ArticleOur Psychic Living Room
Because he wrote in the latter half of the twentieth century, and because he was labeled a “hyperarticulate Tin Man” (and other similar things), Wallace is most often placed in the postmodern cabal, among the likes of DeLillo, Vollmann, Pynchon, Gaddis, Gass, and Barth—who was the literary “father” Wallace supposedly had to “kill,” if you believe in the Titanian mythos of patrilinear succession in American literary fiction. Unlike the novels of most postmodernists, however, Wallace’s are not a martyring challenge to read—absent from Infinite Jest are the willfully obscure stylistic choices that make slogging through something like William Gaddis’s J. R. such a Herculean task. To read Wallace, all you really need is a little endurance and a willingness to crack the dictionary. In fact, Wallace’s fiction is so humane and accessible compared with that of his contemporaries that scholars like Marshall Boswell have suggested that he might be something different from the postmodernists altogether. As Boswell writes in his 2003 book Understanding David Foster Wallace:
Although Wallace is often labeled as a “postmodern” writer, in fact he might be best regarded as a nervous member of some still-unnamed (and perhaps unnameable) third wave of modernism. He confidently situates himself as the direct heir to a tradition of aesthetic development that began with the modernist overturning of nineteenth-century bourgeois realism and continued with the postwar critique of modernist aesthetics. Yet Wallace proceeds from the assumption that both modernism and postmodernism are essentially “done.” Rather, his work moves resolutely forward while hoisting the baggage of modernism and postmodernism heavily, but respectfully, on its back.
It’s true that Wallace’s writing borrows as much, if not more, from Ulysses and To the Lighthouse as it does from The Sot-Weed Factor. That said, I agree with Boswell that it is difficult to identify Wallace as a dyed-in-the-wool member of any aesthetic movement. Wallace was more concerned with honestly transcribing the particulars of his world than he was with self-consciously aping any literary trend. He once spoke with disdain about “the crank turners, the little gray people who take the machines others have built and just turn the crank, and little pellets of metafiction come out the other end.” It seems fitting that his aesthetic is “still-unnamed (and perhaps unnameable)”; he built a literary machine, and many young writers are dying to turn its crank.
In an artistic climate in which it is fashionable to be distant, coy, and “mysterious”—to sit like a god above your metafictional work and pare your fingernails while the reader struggles on in futility—Wallace is something of a relief: warm, vulnerable, self-effacing. He wrote with a big-hearted curiosity about the world around him; if anything, that’s extremely charming.
The stories about Wallace are not the same sort of gonzo stories one hears about other contemporary writers. Unlike T. C. Boyle, Wallace did not soak his feet in chicken blood while he wrote, and he eschewed William Vollmann’s practice of befriending skinheads (although Wallace did hang out in a lot of halfway houses while researching Infinite Jest). Rather, one hears about Wallace’s tremendous sense of humor (he was so entertaining that fellow undergraduates at Amherst referred to him as the “Dave Show”), his tendency to adopt dogs whose former owners had abused or mistreated them, and the patience and respect he devoted to his English students. There’s also a good deal of talk about his humble beginnings. It’s remarkable to some people that the man who authored Infinite Jest grew up in the rural Midwest. It comes as no surprise, however, that his father was a philosophy professor at the University of Illinois and his mother an English professor at a local community college. Wallace excelled in sports from an early age; as a teenager, he was one of the highest-ranked football players in the township. In his early teens, he made the move to tennis, a decision supposedly motivated by his lack of bulk. By his late teenage years, however, he had emerged as an athlete-cum-frenetic intellectual. The decision to attend Amherst, his father’s alma mater, seemed a natural one, but Wallace was severely homesick and emotionally unstable as an underclassman and ended up having to take time off. He told David Lipsky, author of Although of Course You End Up Becoming Yourself: A Road Trip with David Foster Wallace (2010), that during this fraught period, he was placed on a mood regulator that made him feel like he was “stoned and in hell.” Despite his struggles, he graduated summa cum laude in 1985 with degrees in English and philosophy.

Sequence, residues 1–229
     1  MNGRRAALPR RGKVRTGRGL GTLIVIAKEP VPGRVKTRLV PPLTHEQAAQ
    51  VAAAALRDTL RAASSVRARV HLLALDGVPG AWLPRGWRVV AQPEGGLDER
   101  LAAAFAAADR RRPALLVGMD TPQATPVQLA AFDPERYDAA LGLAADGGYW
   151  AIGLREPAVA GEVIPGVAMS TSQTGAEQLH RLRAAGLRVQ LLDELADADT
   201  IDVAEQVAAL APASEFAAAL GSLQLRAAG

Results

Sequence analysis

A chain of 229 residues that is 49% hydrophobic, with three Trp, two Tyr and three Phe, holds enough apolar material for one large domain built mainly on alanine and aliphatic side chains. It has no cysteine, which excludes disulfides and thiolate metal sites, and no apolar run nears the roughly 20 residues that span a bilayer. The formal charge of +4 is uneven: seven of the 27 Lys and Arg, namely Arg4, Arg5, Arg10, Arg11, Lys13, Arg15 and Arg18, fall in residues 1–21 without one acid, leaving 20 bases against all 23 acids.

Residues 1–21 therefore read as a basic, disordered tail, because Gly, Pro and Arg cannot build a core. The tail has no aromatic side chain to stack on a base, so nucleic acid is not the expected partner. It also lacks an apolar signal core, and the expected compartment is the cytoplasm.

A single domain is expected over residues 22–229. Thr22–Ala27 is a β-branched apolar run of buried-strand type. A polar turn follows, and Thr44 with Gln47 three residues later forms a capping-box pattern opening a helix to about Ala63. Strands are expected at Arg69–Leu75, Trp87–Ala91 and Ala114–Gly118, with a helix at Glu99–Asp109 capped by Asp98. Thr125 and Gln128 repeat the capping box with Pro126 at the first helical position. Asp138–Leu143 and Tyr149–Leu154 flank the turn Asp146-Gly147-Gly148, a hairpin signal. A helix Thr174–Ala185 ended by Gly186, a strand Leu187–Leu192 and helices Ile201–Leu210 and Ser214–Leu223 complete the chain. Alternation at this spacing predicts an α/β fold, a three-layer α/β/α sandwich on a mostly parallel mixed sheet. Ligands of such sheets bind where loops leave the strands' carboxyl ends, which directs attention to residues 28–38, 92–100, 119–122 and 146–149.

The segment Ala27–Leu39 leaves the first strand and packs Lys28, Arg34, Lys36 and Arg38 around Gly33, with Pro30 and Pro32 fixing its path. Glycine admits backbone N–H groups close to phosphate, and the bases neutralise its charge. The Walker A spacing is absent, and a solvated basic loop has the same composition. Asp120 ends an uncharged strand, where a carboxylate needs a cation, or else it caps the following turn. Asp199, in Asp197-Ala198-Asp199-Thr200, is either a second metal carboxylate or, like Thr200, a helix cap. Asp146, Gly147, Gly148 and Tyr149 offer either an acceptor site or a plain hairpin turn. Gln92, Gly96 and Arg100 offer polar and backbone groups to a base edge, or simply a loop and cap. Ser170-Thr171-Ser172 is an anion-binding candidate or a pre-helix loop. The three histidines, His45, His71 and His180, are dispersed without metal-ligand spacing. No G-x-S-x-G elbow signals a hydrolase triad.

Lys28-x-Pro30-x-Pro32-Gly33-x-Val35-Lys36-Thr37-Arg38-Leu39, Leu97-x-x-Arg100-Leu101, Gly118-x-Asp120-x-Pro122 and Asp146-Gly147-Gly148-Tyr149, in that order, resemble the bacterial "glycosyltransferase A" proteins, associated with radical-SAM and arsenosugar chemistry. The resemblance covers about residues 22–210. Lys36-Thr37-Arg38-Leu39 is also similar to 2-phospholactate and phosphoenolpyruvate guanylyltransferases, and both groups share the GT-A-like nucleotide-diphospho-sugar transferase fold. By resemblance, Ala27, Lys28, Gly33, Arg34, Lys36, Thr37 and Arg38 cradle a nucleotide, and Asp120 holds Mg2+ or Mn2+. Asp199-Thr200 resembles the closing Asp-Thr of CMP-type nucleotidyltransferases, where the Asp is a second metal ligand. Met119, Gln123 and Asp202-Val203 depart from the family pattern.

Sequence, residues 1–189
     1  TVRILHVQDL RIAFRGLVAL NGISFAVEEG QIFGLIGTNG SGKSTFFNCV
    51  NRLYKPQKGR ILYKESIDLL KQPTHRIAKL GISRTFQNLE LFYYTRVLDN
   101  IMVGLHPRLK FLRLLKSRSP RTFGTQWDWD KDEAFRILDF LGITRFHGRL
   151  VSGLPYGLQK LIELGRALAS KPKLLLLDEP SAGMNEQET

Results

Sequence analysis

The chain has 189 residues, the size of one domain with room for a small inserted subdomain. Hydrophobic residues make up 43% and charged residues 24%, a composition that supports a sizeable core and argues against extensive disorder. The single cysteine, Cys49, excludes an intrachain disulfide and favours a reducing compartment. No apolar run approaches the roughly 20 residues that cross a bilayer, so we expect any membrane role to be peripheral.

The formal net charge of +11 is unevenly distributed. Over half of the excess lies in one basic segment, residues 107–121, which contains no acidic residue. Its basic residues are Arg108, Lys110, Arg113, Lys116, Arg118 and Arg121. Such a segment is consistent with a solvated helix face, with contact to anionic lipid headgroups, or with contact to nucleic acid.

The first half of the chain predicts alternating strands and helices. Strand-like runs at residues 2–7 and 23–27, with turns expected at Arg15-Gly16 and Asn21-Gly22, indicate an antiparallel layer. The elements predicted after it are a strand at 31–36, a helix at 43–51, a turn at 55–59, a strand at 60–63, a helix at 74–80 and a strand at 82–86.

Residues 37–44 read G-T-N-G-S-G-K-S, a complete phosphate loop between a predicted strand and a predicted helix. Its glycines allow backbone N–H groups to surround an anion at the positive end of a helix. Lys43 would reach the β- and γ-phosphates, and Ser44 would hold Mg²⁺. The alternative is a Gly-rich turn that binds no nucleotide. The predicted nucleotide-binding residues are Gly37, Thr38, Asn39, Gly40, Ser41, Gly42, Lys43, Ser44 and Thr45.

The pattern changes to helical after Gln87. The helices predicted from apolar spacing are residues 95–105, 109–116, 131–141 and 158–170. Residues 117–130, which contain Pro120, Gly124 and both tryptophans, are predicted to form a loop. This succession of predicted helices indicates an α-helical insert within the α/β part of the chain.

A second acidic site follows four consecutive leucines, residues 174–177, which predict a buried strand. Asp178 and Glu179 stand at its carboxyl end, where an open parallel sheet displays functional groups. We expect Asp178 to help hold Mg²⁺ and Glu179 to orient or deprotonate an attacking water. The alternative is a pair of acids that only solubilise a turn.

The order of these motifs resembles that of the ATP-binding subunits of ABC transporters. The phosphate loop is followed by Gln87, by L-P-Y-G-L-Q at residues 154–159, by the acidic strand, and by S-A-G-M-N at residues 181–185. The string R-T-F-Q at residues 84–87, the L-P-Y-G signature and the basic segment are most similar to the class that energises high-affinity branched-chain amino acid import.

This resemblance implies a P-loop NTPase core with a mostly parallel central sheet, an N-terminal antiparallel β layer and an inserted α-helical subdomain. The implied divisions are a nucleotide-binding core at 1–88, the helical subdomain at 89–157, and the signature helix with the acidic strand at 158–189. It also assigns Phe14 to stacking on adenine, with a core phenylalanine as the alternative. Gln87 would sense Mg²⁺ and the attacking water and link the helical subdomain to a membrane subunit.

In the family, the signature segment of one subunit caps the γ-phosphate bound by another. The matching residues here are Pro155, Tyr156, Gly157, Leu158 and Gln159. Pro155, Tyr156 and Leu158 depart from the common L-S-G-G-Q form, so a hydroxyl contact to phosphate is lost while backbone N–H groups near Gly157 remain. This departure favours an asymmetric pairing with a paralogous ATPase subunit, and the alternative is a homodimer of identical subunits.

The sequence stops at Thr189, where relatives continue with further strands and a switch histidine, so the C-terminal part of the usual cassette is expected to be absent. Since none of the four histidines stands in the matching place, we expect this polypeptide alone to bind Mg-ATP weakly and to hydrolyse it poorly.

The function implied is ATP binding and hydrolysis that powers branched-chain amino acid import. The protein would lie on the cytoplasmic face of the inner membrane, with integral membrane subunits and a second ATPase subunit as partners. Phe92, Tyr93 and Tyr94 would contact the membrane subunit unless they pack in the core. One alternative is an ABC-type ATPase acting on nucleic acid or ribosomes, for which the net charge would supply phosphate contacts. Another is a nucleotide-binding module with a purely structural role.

After Amherst, he attended the University of Arizona’s MFA program and published The Broom of the System, an anti-Künstlerroman that’s an explosive synthesis of Wittgenstein’s philosophy of language and Derrida’s literary criticism, while still a student there. In the early 1990s, he abandoned a doctoral program in philosophy at Harvard and sought a teaching position in the English department at Emerson College. He’d found his calling as a teacher of English and creative writing, and he would remain one thereafter: he accepted positions first at Illinois State University (1992) and then at Pomona College (2002). By 2003, Wallace had received a MacArthur Fellowship and had published stories in the Paris Review and the New Yorker and essays in Harper’s, among other places (several essays were published in his collection A Supposedly Fun Thing I’ll Never Do Again). He had a light teaching load at Pomona, which gave him freedom to focus on his writing—especially the completion of The Pale King.